Grammar is the study of a language, spoken or written. First, of the elements which constitute this language: this is morphology. Secondly, of the functions and relations which link the elements to one another is syntax.
Grammar could be called a descriptive knowledge. What is the object of this description? The elements of the language and their arrangements, therefore the structure of the language, its constructions, the diagrams, the models in which human thought is expressed, since language is the body of the thought.
The study of grammar, while indispensable, is secondary in the study of any language, beginning with our own. Before all else, through the contact with great works of literature, the goals of the English class are to root us in a tradition, and to make us discern the true nature of man. It is also to teach us how to express ourselves. Besides, even to express ourselves correctly, the study of grammar does not suffice in itself; it is an auxiliary, and nothing more. Reading great writers teaches us more on this level, owing to a prolonged and frequent contact with beautiful language.
As a consequence, we should seldom if ever isolate the study of grammar from the study of a text. It is very important to connect this technical study of the language to the expression of thought, since grammar is but an instrument. [2]. 
  1. Dictation
Dictation is very useful in teaching correct writing. The children work from models of beautiful writing. They see and study correct spelling and punctuation and are able to enjoy excellent writing of various styles. Laura Berquist3, the renowned educator, has analyzed well this topic, which is of great importance for a classical education.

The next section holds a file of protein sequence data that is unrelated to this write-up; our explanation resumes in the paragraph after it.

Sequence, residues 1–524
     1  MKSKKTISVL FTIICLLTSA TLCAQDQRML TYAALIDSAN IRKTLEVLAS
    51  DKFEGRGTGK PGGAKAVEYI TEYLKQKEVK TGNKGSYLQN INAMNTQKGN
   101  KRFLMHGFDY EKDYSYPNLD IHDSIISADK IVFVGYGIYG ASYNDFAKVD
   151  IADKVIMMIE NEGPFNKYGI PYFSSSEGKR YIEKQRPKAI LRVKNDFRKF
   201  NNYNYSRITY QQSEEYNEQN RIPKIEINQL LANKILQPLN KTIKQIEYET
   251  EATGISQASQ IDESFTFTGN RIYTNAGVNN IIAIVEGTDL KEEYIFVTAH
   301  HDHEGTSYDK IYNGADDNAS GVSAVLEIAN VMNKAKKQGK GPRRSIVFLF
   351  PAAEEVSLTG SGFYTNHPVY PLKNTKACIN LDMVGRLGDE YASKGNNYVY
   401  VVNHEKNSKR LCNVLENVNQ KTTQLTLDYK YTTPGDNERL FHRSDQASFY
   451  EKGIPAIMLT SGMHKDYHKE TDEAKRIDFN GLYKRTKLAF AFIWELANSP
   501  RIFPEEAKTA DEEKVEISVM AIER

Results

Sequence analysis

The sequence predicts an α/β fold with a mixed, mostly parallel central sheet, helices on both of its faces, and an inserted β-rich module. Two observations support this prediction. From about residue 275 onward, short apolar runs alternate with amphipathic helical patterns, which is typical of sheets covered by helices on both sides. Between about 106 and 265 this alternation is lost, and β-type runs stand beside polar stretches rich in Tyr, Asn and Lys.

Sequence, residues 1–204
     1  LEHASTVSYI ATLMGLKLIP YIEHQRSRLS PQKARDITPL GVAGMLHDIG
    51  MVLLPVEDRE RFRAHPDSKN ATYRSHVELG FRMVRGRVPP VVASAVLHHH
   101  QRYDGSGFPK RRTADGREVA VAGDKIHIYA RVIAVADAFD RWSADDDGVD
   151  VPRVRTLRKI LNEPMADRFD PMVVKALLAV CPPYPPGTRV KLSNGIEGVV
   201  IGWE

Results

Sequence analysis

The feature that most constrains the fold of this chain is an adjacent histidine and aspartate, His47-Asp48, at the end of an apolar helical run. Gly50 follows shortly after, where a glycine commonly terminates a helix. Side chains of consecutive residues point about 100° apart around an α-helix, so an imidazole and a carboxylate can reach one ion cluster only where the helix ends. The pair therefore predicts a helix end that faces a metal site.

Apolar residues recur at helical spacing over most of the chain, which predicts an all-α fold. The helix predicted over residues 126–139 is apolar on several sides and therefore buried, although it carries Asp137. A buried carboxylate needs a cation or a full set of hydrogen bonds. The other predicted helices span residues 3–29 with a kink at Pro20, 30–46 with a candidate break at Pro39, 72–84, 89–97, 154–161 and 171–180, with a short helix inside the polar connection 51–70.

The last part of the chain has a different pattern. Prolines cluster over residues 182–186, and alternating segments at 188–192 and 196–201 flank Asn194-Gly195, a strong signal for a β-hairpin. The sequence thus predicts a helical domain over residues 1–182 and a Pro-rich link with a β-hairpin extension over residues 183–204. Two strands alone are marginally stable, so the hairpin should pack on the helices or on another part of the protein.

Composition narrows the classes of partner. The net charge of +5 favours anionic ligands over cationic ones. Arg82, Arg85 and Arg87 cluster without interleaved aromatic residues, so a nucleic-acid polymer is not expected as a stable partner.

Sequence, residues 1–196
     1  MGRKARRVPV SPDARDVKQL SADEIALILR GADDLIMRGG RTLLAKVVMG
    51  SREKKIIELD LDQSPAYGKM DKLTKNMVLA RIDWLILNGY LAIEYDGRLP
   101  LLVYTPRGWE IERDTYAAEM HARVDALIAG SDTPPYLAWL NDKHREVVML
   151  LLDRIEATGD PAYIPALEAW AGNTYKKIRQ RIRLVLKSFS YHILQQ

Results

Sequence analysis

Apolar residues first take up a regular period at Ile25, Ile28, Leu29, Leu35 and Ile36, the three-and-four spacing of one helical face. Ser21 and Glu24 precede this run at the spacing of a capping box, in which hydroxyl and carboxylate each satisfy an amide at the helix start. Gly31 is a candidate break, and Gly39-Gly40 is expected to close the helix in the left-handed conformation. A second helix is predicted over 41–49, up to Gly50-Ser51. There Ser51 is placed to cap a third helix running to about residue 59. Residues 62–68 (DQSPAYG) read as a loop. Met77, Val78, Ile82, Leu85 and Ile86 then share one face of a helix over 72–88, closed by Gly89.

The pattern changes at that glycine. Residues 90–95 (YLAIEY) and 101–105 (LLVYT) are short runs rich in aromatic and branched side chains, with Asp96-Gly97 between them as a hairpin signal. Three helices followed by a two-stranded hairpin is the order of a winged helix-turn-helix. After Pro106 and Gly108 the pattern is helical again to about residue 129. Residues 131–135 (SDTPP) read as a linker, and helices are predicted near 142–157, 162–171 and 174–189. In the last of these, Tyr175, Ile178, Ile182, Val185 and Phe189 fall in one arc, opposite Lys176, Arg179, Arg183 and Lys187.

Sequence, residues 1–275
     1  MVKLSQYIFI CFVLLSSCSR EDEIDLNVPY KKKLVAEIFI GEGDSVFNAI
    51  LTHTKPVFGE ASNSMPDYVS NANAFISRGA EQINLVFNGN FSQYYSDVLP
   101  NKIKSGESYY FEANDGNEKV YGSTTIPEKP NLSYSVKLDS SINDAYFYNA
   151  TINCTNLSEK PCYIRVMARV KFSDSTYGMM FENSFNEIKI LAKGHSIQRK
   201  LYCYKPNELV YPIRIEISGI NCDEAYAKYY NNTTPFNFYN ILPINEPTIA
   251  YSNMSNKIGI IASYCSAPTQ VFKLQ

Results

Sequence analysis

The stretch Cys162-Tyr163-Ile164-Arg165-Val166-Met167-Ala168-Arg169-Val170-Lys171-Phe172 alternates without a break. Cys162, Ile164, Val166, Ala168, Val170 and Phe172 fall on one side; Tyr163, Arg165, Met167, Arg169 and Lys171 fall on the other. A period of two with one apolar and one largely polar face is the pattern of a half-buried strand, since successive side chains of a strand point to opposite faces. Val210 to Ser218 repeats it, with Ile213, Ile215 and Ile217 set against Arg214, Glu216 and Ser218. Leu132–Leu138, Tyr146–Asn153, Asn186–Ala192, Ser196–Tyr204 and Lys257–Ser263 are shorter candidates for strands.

Prepared Dictation
In a prepared dictation, the teacher goes through the passage with the child, line by line, noting and giving a reason for every capital, comma, semicolon, colon, period, question mark, exclamation mark, and quotation mark. Difficult spellings are gone over as well. The teacher then dictates the passage to the child, who writes it from the dictation. This way the student gives concentrated attention to the mechanics of writing in a situation where he is writing material that has been put together because it goes together, as opposed to material artificially put together to try to highlight examples of writing mechanics.
Unprepared Dictation
In an unprepared dictation, the teacher reads an entire passage that the child has not studied beforehand (although it could be a text from his reader that he has seen before). As soon as the student finishes the first set of words, the teacher reads the rest of the sentence, waits for the student to write it and then moves on to the next set of words. The dictation doesn’t take long this way, but it does provide a model of good writing and practice in spelling and punctuation.
Another form of dictation is called auto-dictation. The child has to write a text from memory. A good example of this might be a poem or a song that has been learned previously [2]. 
  1. Read picture books
Read picture books in early grades so budding readers can draw information from the images to enhance their understanding of the text. In early reading development, readers can benefit from the presence of pictures. By looking at the pictures while they read, students can infer meanings of unknown words. Additionally, pictures often make the text more engaging for younger pupils [1].